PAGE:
“Pardon me — is that the Chattanooga Choo Choo?”
To set this up — my work in progress has a romantic getaway as part of the story. I had never been on a romantic getaway, or a vacation for that matter, so my husband surprised me with reservations to stay in a refurbished Victorian train car at the Chattanooga Choo Choo.
The Chattanooga Choo Choo is what was once the Terminal Station for inbound and outbound trains to and from Chattanooga, Tennessee. Built in 1909, it reached its heyday in the thirties and forties and began to decline as train service declined in the sixties. It finally closed in early seventies. Quickly bought, it was redone into a hotel, retail, and dining venue.
You enter through the doors and find yourself under the massive dome. It was the original waiting area for the passengers. You can feel the energy of all the people who’ve rushed through or stayed, waiting, sometimes twenty deep on the platforms. For a time, a restaurant was in the center, since people wanted to eat beneath the grandest dome of the time.
After checking in, you pass through the back door and the existing restaurant serving three meals a day, out the original steel gates to the platform, where most of the tracks have been transformed from rail and gravel to gardens and fountains that win awards. As shown in the picture to the right, the concrete walkways with the butterfly toppers are from the original platforms. Where you see landscaped gardens were once tracks with trains backing into and out of the station.
As part of the refurbishment, passenger coaches were purchased and refurbished into suites, two per car. You go down the platform just like you’re boarding for a trip, step upon the step, into the connector between two cars. On each side is the door to your getaway.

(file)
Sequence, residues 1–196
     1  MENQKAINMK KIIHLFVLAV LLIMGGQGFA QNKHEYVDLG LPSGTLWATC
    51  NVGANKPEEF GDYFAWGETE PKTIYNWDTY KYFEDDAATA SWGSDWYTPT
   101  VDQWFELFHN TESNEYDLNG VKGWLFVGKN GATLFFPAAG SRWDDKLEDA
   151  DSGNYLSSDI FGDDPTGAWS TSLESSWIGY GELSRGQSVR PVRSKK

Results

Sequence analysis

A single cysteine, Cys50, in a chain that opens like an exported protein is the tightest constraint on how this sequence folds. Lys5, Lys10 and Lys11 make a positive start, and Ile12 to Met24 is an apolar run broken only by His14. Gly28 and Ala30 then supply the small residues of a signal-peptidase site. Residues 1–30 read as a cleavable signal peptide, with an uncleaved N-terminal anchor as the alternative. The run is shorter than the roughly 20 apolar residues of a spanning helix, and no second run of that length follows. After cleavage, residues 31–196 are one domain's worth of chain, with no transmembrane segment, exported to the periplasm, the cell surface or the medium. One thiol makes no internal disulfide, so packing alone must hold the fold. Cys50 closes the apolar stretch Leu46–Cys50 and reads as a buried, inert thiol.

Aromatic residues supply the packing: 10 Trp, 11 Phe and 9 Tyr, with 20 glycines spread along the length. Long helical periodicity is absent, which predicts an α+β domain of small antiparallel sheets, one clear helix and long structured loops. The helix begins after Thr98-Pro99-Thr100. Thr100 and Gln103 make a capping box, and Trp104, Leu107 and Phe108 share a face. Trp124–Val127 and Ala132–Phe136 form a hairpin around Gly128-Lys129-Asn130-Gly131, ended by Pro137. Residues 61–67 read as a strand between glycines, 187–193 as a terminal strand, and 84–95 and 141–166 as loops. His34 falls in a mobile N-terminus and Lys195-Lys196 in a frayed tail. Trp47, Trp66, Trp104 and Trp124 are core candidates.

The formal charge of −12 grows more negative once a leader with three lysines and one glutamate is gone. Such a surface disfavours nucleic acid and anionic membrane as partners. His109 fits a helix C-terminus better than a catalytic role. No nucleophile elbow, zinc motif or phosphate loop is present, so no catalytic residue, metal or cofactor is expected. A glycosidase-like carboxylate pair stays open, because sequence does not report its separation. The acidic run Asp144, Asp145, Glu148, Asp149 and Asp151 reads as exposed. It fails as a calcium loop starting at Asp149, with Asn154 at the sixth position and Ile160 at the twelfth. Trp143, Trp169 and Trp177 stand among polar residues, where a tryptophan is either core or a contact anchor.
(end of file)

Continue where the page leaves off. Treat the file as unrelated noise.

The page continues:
First of all, it is a narrow door, leading to a very narrow passage. No way could two normal size people pass one another in the hall. And, entering the bathroom requires a slight turn to the side. They managed to put a garden tub/shower, sink (with coffee pot and hair dryer) and a toilet (offset in a tiny room) in a very small space. If you look closely you can see some of the steel rivets surrounding the doors.
However, at the end of the hall is a long suite, all ready for a romantic getaway. The luggage carriers and lights from passenger days are still there. But, so is a queen size bed, desk, flat screen television, and daybed. Please remember this was refurbished in the 70’s and has aged. If you see it as an adventure and not the lap of luxury, you won’t be disappointed. When the trolley passes by, the vibrations make it feel like there is movement. A gift tray of Champagne and goodies awaits, including a discount to the Station House and tickets to the Model Railroad Museum.
Back outside, there is much to do. There are several options for dining. The restaurant next to the dome offers three meals a day, plus room service. There’s a coffee shop for breakfast treats and coffee, the Silver Diner offers pizza in a train car. But the best, at least in my opinion, is the Station House. Part of the old railroad express, the building holds retail shops, the model railroad museum, and the Station House restaurant. Open for dinner, its claim to fame are the waiters and waitresses that double as entertainers. And entertainers they are. They manage to serve your table perfectly, take a break and go up on stage and perform. I highly recommend it.
After you’ve filled your tummy, walk it off with a stroll through the award-winning garden. Their roses are beautiful, but I fell in love with what I believe are cone flowers. Gazebos and vine covered trellises offer respite from the sun. There are ponds with koi, not to mention toads hidden among the reeds.
Don’t forget the retail. And, yes, that’s Zoltar beckoning you to play. There are shops for knickknacks and souvenirs, candy, antiques, and jewelry. And while you’re meandering, you’ll hear music in the background from the 40’s, the big band sound. If you get tired, you can always hop aboard the refurbished New Orleans trolley and take a tour of the whole site, with a full running commentary by the conductor.
No matter what age, one can appreciate the workmanship. The Chattanooga Area Model Railroad club has put in more than 60,000 hours building and caring for this incredible display. It is beyond compare. Trains run in both sections (did I mention there were two separate sections), passing towns, logging camps, a funeral, white water rafters, and the Chattanooga Choo Choo.
Return to your train car and relax with some champagne and chocolate. For now it’s time for just the two of you.
“Pardon me — is this the Chattanooga Choo Choo?” It certainly is!